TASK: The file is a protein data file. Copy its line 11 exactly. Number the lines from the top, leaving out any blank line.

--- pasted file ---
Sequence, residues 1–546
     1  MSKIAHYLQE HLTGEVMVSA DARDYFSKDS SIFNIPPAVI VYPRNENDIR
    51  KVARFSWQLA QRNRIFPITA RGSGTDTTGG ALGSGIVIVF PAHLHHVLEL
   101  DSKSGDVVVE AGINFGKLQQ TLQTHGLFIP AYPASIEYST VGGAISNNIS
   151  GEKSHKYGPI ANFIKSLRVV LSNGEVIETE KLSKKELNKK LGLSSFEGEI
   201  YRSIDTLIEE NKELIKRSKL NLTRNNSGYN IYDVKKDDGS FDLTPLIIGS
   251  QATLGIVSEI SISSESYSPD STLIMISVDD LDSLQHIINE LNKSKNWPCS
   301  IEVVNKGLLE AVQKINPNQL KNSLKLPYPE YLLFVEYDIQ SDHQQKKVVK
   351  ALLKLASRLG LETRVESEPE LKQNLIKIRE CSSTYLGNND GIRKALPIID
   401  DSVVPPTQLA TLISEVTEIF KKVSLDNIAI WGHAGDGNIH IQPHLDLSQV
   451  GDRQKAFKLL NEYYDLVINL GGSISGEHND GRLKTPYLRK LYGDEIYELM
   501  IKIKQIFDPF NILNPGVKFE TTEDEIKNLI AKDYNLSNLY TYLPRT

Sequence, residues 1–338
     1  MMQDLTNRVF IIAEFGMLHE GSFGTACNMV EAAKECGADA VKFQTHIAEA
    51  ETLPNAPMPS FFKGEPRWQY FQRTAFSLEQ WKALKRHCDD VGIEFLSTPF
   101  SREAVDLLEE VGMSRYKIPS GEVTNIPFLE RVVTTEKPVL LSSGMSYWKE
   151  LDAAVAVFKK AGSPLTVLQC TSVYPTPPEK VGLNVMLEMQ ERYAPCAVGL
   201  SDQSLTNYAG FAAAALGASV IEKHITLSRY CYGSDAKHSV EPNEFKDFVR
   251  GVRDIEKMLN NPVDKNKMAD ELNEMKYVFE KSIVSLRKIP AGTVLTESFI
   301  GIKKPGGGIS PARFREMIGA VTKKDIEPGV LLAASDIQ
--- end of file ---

   451  GDRQKAFKLL NEYYDLVINL GGSISGEHND GRLKTPYLRK LYGDEIYELM